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HPCC Takes on Hadoop's Big Data Dominance

By Allen Bernard, CIO
February 12, 2013 11:01 AM ET

CIO - When you hear the expression "big data," the next word you will often hear is "Hadoop." That's because the underlying technology that has made massive amounts of data accessible is based on the open source Apache Hadoop project.

From the outside looking in, you would rightly assume then that Hadoop is big data and vice versa; that without one the other cannot be. But there is a Hadoop competitor that in many ways is more mature and enterprise-ready: High Performance Computing Cluster.

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HPCC Systems is a spinoff from data services company LexisNexis that has been powering that company's massive $1.5 billion data-as-a-service (DaaS) business since the early 2000s.

Like Hadoop, HPCC is open-sourced under the Apache 2.0 license and is free to use. Both likewise leverage commodity hardware and local storage interconnected through IP networks, allowing for parallel data processing and/or querying across the architectures. This is where most of the similarities end, says Flavio Villanustre, vice president of information security and the lead for the HPCC Systems initiative within LexisNexis.

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HPCC has been in production use for more than 12 years, though the HPCC open source version has been available for only a little more than a year. Hadoop, on the other hand, was originally part of the Nutch project that Google put together to parse and analyze log files and wasn't even its own Apache project until 2006. Since that time, though, it has become the de facto standard for big data projects, far outpacing HPCC's 60 or so enterprise users. Hadoop is also supported by an open source community in the millions and an entire ecosystem of start-ups springing up to take advantage of this leadership position.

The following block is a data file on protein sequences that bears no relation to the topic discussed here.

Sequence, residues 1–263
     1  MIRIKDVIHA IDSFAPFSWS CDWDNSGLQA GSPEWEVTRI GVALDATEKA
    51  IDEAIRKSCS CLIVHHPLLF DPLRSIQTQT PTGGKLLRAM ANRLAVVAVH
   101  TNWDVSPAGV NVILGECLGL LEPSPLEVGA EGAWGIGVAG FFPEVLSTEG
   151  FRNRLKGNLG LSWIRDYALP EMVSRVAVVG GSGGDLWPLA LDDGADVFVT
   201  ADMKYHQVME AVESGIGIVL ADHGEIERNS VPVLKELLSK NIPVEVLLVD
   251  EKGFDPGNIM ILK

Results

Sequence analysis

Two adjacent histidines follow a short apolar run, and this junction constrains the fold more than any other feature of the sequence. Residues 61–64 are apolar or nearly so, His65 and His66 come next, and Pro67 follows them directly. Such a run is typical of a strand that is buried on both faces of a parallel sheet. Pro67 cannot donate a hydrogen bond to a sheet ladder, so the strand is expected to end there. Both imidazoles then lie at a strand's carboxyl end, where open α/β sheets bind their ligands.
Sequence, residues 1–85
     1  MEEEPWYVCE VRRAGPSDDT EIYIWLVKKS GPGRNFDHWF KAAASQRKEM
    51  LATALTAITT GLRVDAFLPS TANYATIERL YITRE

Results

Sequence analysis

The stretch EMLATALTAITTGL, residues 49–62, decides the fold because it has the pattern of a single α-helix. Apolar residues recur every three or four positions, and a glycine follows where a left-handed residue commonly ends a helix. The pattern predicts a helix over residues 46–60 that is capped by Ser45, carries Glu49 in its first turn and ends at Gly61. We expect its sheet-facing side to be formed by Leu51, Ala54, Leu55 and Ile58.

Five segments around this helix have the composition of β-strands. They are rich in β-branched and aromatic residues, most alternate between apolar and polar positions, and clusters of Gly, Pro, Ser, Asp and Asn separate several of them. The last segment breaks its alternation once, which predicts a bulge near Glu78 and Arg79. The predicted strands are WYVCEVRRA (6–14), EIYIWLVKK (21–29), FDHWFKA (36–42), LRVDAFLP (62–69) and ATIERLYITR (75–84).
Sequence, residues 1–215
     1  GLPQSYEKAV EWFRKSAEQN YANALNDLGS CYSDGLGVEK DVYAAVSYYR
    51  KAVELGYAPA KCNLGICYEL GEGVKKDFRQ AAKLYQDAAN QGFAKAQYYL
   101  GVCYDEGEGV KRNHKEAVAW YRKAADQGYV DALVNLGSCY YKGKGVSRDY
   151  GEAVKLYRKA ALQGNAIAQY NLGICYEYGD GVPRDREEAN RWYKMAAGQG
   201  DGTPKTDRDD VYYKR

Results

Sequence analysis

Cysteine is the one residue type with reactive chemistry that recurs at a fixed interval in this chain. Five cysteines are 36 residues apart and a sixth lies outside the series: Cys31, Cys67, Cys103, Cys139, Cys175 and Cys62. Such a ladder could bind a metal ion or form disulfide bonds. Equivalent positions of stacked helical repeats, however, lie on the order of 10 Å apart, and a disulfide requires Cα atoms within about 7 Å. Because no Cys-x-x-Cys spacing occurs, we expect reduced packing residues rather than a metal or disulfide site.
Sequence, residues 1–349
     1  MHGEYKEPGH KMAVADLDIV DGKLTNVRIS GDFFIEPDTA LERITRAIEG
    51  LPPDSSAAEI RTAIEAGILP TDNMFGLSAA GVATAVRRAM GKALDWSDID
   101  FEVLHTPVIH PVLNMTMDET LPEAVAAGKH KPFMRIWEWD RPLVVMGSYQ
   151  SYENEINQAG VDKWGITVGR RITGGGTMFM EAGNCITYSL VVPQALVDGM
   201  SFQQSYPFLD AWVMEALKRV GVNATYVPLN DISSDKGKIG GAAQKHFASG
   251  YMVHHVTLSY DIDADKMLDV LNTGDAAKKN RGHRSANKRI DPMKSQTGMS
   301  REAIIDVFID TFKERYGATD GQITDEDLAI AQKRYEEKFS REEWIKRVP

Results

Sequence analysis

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That said, HPCC is a more mature enterprise-ready package that uses a higher-level programming language called enterprise control language ( ECL) based on C++, as opposed to Hadoop's Java. This, says Villanustre, gives HPCC advantages in terms of ease of use as well as backup and recovery of production. Speed is enhanced in HPCC because C++ runs natively on top of the operating system, while Java requires a Java virtual machine (JVM) to execute.

HPCC also possesses more mission-critical functionality, says Boris Evelson, vice president and principal analyst for Application Development and Delivery at Forrester Research. Because it's been in use for much longer, HPCC has layers-security, recovery, audit and compliance, for example-that Hadoop lacks. Lose data during a search and it's not gone forever, Evelson says. It can be recovered like a traditional data warehouse such as Teradata.

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Rags Srinivasan, senior manager for big data products at Symantec, wrote about this shortcoming in a May 2012 blog post on issues with enterprise Hadoop: "No reliable backup solution for Hadoop cluster exists. Hadoops way of storing three copies of data is not the same as backup. It does not provide archiving or point in time recovery."

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